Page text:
More than eighty years ago, the United States entered World War I with the express purposes of making the world safe for democracy and making that war the one that would end all future European wars. The intervention was a radical departure from the foreign policy that George Washington had enunciated in his Farewell Address and which had been followed by the American people for more than 100 years – stay out of European conflicts and instead let America be a beacon of freedom, peace, and prosperity for the world.
Even the most ardent defenders of foreign wars and foreign intervention admit that World War I was a waste of American life. The consequences of World War I were exactly the opposite of what were intended. The chaos of war, the devastation of Germany, and the Treaty of Versailles gave rise to Adolf Hitler, Nazi Germany, Communist Russia, and, a short time later, World War II.
Democrats and Republicans have always billed World War II as the “good war” because Adolf Hitler was killed and the Nazi army was defeated. Unfortunately, however, the dark consequences of that war are rarely discussed. The reason that Great Britain and France declared war on Germany in the first place was to ensure that Poland did not fall under totalitarian rule. Yet, at the end of the war, Eastern Europe, including Poland, found itself under the iron communist fist of the Soviet Union. Were the Eastern Europeans that much better off suffering under Joseph Stalin and the Communists than under Adolf Hitler and the Nazis?
We’re told that World War II was waged to save Jews from the Holocaust. By the time the war was over, however, six million Jews had died in the Nazi gas chambers. And the U.S. government’s “concern” for the Jews was exposed for the sham it was by a policy that prevented German Jews from saving their lives by emigrating to the United States.
One of the darkest consequences of both World War I and World War II has been the wholesale transformation of the United States into the warfare-welfare empire of the world, waging perpetual war for perpetual peace whenever the “national interest” has dictated it: Korea; Vietnam; Grenada; Panama; Somalia; Persian Gulf; and a host of covert military interventions all over the world.
The U.S. bombing of Serbia is the culmination of this warfare-welfare mindset, and it reflects how far the United States of America has plunged into political and moral depravity.
The issue is not whether a foreign dictator mistreats his own citizens. Dictators have done that throughout history. The issue is: Under what moral or constitutional authority does the president of the United States send our nation into war in order to dictate to a foreign dictator what he should do and shouldn’t do to the citizens of his own country?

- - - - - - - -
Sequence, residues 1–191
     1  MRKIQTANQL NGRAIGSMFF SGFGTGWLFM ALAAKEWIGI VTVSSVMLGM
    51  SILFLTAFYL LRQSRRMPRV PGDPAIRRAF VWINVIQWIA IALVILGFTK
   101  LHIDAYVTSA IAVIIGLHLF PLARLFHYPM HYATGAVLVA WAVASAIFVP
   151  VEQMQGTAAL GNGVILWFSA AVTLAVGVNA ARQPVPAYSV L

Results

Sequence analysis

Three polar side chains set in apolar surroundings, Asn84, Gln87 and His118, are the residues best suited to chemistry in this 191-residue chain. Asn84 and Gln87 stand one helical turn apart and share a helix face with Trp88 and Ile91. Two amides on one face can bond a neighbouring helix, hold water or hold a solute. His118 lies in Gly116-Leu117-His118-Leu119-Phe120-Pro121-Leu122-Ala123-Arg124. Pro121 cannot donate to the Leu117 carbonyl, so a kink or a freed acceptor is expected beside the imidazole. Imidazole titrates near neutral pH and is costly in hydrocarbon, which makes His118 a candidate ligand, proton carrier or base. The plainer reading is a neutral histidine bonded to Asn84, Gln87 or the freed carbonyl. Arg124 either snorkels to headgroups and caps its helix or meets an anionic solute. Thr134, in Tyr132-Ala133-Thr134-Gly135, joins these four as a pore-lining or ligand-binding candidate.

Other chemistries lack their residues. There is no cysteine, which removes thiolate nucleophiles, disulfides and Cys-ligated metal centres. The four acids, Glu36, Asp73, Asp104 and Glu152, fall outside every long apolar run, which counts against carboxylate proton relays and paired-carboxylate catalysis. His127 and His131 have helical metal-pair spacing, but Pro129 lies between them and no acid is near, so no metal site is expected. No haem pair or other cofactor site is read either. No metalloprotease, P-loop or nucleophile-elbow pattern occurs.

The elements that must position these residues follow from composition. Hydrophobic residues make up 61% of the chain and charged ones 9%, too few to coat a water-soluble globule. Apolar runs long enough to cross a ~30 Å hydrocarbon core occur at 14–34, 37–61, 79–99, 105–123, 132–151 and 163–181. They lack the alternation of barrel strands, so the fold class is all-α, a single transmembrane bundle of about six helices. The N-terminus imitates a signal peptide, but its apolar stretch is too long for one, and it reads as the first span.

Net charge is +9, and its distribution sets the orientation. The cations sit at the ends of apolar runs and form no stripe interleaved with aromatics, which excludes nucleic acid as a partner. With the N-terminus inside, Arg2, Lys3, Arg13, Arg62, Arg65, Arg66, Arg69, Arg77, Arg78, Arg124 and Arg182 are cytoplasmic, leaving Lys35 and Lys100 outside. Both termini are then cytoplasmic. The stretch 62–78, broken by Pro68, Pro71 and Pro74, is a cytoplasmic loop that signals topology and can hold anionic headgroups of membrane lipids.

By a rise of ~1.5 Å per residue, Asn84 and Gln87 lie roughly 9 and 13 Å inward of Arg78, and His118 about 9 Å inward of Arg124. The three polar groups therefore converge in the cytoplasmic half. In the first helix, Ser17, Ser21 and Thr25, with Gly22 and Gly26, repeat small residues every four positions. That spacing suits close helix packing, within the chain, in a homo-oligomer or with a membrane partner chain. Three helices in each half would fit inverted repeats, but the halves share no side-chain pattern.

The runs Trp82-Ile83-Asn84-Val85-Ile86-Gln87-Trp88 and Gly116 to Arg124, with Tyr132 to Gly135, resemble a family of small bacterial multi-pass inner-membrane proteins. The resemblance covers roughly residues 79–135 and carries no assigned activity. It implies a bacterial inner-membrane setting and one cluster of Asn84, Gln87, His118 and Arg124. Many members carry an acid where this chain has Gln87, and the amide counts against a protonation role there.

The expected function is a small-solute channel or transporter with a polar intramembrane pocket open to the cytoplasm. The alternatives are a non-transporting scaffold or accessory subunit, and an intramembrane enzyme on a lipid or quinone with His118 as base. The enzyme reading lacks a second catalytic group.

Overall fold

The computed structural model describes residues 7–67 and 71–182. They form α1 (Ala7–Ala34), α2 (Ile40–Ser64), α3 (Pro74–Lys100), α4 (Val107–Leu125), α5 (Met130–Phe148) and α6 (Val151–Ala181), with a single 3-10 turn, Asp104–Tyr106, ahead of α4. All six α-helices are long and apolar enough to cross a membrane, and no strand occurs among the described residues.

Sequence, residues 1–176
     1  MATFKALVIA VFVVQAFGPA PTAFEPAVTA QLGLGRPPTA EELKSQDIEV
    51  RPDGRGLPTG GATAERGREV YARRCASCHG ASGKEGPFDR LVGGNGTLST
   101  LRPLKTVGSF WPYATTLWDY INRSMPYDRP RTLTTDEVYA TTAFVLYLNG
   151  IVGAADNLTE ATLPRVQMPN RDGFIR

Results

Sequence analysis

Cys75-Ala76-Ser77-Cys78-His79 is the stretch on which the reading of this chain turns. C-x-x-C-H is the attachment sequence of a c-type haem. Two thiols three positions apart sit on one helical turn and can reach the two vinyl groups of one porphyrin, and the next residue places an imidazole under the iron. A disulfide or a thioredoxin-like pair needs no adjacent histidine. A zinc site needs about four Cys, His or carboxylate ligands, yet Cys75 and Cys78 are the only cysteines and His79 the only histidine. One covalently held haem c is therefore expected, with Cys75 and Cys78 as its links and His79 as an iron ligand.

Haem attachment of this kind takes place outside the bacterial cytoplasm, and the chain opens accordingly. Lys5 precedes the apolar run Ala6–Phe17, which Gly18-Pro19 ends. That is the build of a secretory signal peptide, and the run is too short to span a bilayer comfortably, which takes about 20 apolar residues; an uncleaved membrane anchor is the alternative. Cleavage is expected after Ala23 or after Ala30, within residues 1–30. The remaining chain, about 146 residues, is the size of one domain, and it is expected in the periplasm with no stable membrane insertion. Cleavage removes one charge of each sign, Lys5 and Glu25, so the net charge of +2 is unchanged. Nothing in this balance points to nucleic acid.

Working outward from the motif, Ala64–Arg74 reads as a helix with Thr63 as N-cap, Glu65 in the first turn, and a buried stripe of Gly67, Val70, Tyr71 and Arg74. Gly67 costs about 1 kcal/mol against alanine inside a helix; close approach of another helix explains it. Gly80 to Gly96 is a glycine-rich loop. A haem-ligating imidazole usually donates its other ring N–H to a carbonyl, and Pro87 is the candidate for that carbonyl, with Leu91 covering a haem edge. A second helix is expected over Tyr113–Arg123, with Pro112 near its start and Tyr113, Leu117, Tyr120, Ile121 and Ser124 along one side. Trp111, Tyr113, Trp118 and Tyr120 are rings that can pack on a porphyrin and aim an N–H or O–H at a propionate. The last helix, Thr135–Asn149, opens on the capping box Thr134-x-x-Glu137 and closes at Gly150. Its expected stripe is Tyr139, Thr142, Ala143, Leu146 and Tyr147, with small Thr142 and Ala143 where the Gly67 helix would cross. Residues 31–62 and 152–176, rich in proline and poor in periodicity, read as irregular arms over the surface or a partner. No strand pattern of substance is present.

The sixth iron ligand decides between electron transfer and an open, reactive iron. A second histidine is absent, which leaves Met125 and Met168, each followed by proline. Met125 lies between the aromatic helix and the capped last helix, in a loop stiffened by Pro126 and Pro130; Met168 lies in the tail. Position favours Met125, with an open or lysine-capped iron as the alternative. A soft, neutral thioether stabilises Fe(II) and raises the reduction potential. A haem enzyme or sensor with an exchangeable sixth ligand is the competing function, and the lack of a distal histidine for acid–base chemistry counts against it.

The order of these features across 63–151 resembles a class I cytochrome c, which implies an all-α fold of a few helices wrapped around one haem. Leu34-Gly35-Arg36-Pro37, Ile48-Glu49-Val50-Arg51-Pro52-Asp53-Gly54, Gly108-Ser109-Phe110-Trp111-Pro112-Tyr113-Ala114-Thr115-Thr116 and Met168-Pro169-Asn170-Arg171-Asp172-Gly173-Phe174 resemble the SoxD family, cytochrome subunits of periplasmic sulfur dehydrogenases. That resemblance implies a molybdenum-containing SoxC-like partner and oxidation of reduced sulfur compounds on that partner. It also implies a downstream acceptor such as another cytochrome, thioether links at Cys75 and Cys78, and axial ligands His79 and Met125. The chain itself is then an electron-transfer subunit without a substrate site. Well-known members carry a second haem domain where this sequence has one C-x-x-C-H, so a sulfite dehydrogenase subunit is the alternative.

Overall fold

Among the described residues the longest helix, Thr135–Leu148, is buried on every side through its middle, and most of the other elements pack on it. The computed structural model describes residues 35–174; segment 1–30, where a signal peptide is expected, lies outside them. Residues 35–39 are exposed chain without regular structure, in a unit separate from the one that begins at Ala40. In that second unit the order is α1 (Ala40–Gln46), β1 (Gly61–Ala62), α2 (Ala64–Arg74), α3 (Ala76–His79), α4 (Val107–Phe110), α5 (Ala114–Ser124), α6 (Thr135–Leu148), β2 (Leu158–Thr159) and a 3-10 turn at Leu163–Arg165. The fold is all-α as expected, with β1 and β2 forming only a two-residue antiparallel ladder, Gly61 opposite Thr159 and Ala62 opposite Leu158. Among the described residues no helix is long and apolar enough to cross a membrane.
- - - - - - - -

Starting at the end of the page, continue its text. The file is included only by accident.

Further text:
Whether to revolt against the tyranny of one’s own government rightfully rests with the people who are suffering under that tyranny. Ultimately, they, not some foreign government, have to decide whether the oppressiveness under which they suffer is worth the risk of armed conflict against their own government. The United States has no more business being an international policeman than it has being an international military-welfare daddy.
After all, where does all this stop? Do all governments have the right to militarily intervene to remedy the tyrannical acts of other governments? How would Americans react if China, Russia, or even Vietnam began bombing our cities in order to save Americans from another Waco or Ruby Ridge or even to prevent the federal government’s never-ceasing infringement on the autonomy of the respective states?
Under the warfare-welfare state, our president now exercises the omnipotent power to send the entire nation into war without even the semblance of a congressional declaration of war. Throughout history, dictators have yearned for such power – the power to unilaterally cancel external restraints upon their power to wage war. Why, even Hitler dreamed of that kind of power.
U.S. government officials say that the war is about the welfare of the Kosovar refugees. If that’s true, why are they prohibited from emigrating freely to the United States? If the U.S. government really has so much concern for people suffering under tyranny, why does it continue to repatriate Cuban refugees into communist tyranny?
Our nation started out as a constitutional republic whose powers were extremely limited, and the result was a shining beacon of hope for people all the world. The time has come to recapture that vision by bringing the troops home and dismantling the warfare-welfare machine that has caused so much misery and destruction around the world.